Credit Jesse Dittmar for The New York Times.
Gawker.com, the irreverent website whose wry, conversational tone and take-no-prisoners style influenced publications across the internet, will shut down next week, even as the rest of the companyâs portfolio of sites were poised to be folded into Univision.
Nick Denton, Gawker Mediaâs founder and chief executive, told employees about the decision on Thursday, according to a post at Gawker.com. It came just before a bankruptcy hearing at which a judge was to rule on whether to approve the companyâs sale to Univision.
Gawker.com will remain online, but after Monday it will not publish new material, according to a person briefed on the plans who spoke on condition of anonymity because they had not been made public.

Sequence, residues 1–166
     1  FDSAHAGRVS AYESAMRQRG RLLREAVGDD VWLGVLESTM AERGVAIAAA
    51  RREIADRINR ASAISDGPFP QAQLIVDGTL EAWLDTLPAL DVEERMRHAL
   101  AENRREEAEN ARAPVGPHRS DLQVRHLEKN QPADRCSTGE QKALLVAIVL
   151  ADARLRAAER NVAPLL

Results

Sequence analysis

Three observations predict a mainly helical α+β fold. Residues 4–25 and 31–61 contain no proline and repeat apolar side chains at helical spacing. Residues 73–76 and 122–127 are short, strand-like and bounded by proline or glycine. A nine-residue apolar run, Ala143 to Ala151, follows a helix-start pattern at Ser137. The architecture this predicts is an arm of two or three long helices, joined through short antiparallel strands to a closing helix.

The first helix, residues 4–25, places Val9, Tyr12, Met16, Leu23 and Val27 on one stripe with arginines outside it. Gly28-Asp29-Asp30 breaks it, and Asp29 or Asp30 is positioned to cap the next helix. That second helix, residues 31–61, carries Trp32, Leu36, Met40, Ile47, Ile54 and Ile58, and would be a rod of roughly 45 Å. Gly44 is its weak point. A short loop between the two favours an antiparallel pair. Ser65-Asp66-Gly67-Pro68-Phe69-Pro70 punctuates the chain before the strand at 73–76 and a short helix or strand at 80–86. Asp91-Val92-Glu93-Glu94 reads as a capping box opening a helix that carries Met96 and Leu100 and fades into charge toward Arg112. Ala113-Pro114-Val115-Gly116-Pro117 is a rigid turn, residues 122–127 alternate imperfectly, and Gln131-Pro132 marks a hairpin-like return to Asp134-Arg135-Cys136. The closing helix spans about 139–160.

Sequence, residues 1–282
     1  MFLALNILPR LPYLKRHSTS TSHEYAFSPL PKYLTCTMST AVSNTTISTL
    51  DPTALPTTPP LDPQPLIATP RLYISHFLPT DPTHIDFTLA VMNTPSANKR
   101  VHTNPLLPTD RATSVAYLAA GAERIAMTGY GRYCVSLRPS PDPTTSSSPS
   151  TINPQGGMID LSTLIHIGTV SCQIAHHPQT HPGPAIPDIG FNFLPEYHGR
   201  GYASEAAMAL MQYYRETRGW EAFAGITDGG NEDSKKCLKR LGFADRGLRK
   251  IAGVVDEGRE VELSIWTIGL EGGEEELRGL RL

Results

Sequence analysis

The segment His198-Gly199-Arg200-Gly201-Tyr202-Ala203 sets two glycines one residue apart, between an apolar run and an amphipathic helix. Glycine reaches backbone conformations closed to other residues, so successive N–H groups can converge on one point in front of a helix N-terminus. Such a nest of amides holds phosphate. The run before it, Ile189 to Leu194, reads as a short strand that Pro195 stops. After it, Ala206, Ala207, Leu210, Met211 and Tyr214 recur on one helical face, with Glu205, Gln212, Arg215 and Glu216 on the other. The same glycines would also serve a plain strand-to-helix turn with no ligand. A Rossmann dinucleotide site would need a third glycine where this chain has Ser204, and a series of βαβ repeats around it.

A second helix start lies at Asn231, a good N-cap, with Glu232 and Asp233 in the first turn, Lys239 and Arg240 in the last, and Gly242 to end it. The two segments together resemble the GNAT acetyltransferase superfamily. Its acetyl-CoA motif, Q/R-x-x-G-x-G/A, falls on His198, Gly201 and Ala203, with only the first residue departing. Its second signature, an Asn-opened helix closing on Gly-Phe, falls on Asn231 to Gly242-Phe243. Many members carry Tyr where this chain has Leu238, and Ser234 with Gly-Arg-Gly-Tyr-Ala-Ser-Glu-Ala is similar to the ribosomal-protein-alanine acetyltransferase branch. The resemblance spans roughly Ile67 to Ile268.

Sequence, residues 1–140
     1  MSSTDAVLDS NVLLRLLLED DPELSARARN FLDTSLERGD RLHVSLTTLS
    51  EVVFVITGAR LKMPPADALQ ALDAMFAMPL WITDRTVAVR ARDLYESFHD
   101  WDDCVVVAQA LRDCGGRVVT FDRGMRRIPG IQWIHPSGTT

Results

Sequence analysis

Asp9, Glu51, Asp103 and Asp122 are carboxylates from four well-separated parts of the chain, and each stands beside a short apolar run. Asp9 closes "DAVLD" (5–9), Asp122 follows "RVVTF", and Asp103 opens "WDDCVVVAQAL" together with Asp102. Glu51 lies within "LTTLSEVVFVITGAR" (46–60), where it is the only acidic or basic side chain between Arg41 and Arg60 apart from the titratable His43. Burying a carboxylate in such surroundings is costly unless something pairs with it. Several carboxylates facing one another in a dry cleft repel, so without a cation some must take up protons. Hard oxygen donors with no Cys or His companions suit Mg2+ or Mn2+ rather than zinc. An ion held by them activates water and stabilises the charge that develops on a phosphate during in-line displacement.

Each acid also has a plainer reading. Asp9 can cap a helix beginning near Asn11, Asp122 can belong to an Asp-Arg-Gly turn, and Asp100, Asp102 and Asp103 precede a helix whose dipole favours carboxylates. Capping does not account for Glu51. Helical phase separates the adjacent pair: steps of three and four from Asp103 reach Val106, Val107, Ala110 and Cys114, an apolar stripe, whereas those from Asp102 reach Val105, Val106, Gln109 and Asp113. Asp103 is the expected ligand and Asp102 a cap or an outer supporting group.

Univision won an auction on Tuesday for Gawker Media with a bid of $ 135 million. Gawker Media, facing a $ 140 million judgment from a lawsuit by the former wrestler Hulk Hogan, filed for Chapter 11 bankruptcy two months ago and put itself up for sale.
Peter Thiel, the billionaire Silicon Valley entrepreneur, acknowledged after the Hogan trial that he had funded the lawsuit and was providing financial support for other legal cases against the company.
It was not clear when Univision won the auction whether it intended to continue operating Gawker.com. The companyâs portfolio of sites also includes the technology site Gizmodo; the sports site Deadspin; and Jezebel, a site aimed at women.